I use the literature circle for my highest group only. This group consists of gifted students who need more of a challenge and don't require the extra reading time (they spend most of their free time reading anyway), or the extra help on word work. I use the term "literature circle" loosely here. I had every intention of the students really discussing books and completing true literature circle activities. I quickly learned that without direct instruction on literature circle participation, my third graders just weren't going to be able to do it on their own. Since I am always working with small groups during their "literature circle" time, I decided to try something different.
Each week my students read a new book with me during their guided reading time on Monday. I then plan activities for the group to complete based on the book that was read. Sometimes I plan group activities and sometimes I plan individual activities. Activities have included:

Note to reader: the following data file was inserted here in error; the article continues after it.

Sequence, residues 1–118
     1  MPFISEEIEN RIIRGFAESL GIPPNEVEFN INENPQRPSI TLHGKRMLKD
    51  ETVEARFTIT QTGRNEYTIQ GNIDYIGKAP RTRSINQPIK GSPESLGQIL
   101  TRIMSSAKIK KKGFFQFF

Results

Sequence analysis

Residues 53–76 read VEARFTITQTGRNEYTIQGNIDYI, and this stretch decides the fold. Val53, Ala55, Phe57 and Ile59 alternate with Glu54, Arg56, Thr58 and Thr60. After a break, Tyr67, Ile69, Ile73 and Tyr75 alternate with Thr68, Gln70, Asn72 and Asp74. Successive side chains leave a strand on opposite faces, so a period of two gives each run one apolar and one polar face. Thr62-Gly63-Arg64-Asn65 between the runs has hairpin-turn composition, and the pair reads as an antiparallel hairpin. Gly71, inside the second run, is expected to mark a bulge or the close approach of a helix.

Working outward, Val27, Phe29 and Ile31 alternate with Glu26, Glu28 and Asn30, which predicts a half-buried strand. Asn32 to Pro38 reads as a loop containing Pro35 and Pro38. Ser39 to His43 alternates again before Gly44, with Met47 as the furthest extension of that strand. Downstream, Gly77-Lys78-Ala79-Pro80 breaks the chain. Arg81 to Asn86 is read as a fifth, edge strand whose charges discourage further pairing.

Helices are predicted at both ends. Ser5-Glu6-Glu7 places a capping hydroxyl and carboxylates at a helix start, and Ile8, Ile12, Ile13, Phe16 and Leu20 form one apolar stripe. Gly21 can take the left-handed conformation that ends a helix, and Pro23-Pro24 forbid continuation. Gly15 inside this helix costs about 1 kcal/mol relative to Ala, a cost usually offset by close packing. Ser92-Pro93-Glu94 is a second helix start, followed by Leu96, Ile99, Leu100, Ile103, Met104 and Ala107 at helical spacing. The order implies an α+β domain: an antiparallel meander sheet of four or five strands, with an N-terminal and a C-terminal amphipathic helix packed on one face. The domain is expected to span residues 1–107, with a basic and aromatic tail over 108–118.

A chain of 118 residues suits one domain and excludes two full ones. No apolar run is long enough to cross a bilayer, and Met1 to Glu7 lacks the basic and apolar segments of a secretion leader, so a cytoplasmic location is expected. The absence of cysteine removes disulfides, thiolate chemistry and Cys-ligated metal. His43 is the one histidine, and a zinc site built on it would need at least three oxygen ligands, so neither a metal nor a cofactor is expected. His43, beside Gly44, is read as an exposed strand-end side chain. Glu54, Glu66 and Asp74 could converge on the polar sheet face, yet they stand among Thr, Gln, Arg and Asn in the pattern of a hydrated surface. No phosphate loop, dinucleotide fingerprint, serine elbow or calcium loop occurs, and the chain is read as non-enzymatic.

*Creating a venn diagram to compare and contrast this week's book to a previous book (or characters) *Make a cause and effect flow chart *After reading a book on wacky inventions, the students brought in materials from home and inventing their own creation. *After reading a book on how different team sports were created, the students had to create their own game complete with illustrations and directions. *After reading a fictional story about space, the students researched astronauts, their training, and how they live in space. They created a PowerPoint presentation to showcase what they had learned. **The students could present this in a variety of different formats or using many different software programs. This one was just easy for my students to use without my help. *After reading the biography of Harry Houdini, I allowed the students to research magic tricks, learn one, and show it to the class.
Currently, my orange group is listening to novels on the iPods. We have a campus and district wide book competition called "Battle of the Books" (BOB). There are ten novels that are on the book list for this competition. In order to compete, each team member must read at least five of the books. I've recorded most of these novels and synced them to my classroom iPods. During literature circle time, the orange group just grabs an iPod and starts listening to the novel of their choice on the BOB playlist.